Paul Rudolph and Ernst Wagner purchased the Modulightor Building, located on East 58th Street, in early 1989. During the initial phase of construction, Rudolph moved his office to the building and acted as his own contractor, while Wagner opened a showroom on the lower floors that featured customizable light fixtures and systems inspired by Rudolph. The first four floors, including two duplex apartments, were mostly complete by 1993, four years before the architect's death. Under the architect Mark Squeo, who worked in the Rudolph's office during the early 1990s, a second phase of construction – adding two floors and a roof deck – was completed in 2016, based on Rudolph drawings in the collection of the Library of Congress. The Modulightor Building continues to house the lighting company Rudolph founded with Ernst Wagner, as well as the Paul Rudolph Institute for Modern Architecture, a non-profit organization dedicated to Rudolph's remarkable creative legacy.

The Modulightor's architect, Paul Rudolph, was a leading figure in American architecture during the latter half of the 20th century who was known for his modern sculptural aesthetic that often relied on industrial materials like concrete and steel. Rudolph moved his thriving architectural practice to Manhattan at the height of his career in the mid-1960s when he was Dean of the Yale School of Architecture. Two other buildings designed by Rudolph in Manhattan are New York City landmarks: The Paul Rudolph Penthouse & Apartments at 23 Beekman Place, and the so-called "Halston House" at 101 East 63rd Street, which is part of the Upper East Side Historic District.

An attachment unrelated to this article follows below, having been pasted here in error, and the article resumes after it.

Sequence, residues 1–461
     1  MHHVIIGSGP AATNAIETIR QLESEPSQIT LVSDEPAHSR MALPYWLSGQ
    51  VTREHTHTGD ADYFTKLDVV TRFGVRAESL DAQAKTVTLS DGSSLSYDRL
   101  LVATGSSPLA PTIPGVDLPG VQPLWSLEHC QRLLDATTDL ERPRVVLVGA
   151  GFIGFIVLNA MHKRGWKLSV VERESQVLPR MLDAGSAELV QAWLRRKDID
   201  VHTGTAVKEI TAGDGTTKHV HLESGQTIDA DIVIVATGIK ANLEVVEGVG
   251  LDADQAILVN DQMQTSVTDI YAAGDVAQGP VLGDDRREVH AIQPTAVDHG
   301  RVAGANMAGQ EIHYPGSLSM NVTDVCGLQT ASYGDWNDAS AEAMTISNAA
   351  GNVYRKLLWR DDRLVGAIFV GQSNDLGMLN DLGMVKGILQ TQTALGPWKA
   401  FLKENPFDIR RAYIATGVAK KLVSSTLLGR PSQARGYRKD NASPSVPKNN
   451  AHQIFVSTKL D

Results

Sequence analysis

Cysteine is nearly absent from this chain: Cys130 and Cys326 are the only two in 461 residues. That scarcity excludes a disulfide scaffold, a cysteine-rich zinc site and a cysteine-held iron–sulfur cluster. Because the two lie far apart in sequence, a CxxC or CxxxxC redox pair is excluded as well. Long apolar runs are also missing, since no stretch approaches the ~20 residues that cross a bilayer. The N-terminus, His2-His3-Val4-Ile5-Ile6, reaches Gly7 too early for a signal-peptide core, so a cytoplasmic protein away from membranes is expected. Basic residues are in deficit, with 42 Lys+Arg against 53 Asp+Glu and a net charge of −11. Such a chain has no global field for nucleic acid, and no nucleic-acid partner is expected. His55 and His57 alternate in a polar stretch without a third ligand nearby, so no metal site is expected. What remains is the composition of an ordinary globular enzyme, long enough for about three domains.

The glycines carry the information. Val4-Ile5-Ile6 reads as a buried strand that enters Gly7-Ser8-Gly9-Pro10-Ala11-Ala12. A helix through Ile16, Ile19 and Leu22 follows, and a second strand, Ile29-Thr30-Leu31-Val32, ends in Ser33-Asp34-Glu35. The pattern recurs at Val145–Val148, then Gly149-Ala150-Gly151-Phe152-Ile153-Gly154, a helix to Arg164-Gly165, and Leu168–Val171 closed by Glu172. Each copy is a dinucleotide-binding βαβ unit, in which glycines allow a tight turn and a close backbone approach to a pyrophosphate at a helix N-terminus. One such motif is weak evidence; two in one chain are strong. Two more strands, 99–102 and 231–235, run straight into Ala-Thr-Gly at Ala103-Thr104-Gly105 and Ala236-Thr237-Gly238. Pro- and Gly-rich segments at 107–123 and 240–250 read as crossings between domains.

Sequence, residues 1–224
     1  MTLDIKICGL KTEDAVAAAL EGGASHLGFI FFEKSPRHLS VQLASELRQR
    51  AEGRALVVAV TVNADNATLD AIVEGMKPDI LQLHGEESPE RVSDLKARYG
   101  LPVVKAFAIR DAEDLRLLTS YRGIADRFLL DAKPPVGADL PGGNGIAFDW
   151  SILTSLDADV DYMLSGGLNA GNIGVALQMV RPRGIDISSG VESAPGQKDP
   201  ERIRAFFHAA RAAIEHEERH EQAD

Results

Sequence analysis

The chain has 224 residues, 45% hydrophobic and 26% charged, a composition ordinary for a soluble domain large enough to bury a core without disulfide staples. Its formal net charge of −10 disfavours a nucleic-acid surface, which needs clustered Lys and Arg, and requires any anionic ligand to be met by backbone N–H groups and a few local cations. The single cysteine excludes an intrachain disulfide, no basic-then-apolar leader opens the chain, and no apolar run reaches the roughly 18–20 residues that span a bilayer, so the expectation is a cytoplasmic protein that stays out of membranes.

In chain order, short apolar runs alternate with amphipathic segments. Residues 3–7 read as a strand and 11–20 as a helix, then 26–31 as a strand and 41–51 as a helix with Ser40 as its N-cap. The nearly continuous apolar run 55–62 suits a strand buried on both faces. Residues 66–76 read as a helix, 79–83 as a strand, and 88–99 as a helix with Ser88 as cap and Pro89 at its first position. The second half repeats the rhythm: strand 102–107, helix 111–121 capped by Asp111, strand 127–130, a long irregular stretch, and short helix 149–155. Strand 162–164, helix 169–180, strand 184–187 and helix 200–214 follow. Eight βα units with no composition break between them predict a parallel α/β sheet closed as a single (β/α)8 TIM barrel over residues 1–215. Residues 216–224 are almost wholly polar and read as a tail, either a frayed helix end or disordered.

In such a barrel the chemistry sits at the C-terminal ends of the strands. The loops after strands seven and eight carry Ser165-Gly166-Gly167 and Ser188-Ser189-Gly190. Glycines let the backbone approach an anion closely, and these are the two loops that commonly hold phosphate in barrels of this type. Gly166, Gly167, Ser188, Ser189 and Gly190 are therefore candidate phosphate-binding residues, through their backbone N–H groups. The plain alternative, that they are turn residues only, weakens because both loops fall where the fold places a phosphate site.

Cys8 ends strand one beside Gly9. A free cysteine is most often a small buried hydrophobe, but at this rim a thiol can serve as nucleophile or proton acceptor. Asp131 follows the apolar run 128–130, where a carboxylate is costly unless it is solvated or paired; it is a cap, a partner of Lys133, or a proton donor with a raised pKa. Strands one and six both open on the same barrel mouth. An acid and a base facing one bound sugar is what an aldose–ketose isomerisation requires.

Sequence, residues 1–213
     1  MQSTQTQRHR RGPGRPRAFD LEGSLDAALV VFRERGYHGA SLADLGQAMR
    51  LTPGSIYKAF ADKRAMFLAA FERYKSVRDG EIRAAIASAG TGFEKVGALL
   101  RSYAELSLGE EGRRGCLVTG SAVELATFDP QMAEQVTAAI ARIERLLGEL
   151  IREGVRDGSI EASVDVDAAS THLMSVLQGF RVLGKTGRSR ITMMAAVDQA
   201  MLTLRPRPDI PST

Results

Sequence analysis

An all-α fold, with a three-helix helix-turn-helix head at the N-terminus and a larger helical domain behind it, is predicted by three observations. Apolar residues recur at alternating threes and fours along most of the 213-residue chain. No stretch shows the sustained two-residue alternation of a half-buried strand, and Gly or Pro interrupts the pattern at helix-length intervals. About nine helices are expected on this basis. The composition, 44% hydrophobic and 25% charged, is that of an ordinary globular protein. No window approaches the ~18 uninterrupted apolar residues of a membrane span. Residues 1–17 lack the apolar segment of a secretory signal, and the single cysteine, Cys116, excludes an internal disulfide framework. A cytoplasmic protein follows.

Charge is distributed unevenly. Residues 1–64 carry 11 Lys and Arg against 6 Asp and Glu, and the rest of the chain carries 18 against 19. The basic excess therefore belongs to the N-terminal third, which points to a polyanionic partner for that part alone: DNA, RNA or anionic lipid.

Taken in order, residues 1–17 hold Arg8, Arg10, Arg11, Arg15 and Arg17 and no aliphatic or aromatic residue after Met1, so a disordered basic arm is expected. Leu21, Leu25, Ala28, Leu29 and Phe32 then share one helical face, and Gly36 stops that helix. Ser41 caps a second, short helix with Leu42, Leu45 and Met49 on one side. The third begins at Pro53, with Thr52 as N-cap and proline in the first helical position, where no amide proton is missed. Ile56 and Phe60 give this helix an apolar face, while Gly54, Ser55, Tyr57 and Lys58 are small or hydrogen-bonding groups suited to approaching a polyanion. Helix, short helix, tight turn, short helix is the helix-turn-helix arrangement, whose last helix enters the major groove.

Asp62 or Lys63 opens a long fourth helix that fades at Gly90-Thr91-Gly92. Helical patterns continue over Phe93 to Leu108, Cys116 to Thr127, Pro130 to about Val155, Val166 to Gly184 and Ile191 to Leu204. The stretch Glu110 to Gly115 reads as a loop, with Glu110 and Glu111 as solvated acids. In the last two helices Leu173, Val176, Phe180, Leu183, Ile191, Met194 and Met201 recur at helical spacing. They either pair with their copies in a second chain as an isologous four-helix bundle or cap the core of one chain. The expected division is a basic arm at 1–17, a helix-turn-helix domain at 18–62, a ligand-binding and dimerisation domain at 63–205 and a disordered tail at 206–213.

Images: Photographs of the sites are available here:

About the Landmarks Preservation Commission (LPC)

The Landmarks Preservation Commission is the mayoral agency responsible for protecting and preserving New York City's architecturally, historically, and culturally significant buildings and sites. Since its creation in 1965, LPC has granted landmark status to more than 37,900 buildings and sites, including 1,460 individual landmarks, 121 interior landmarks, 11 scenic landmarks, and 157 historic districts and extensions in all five boroughs. For more information, visit and connect with us at and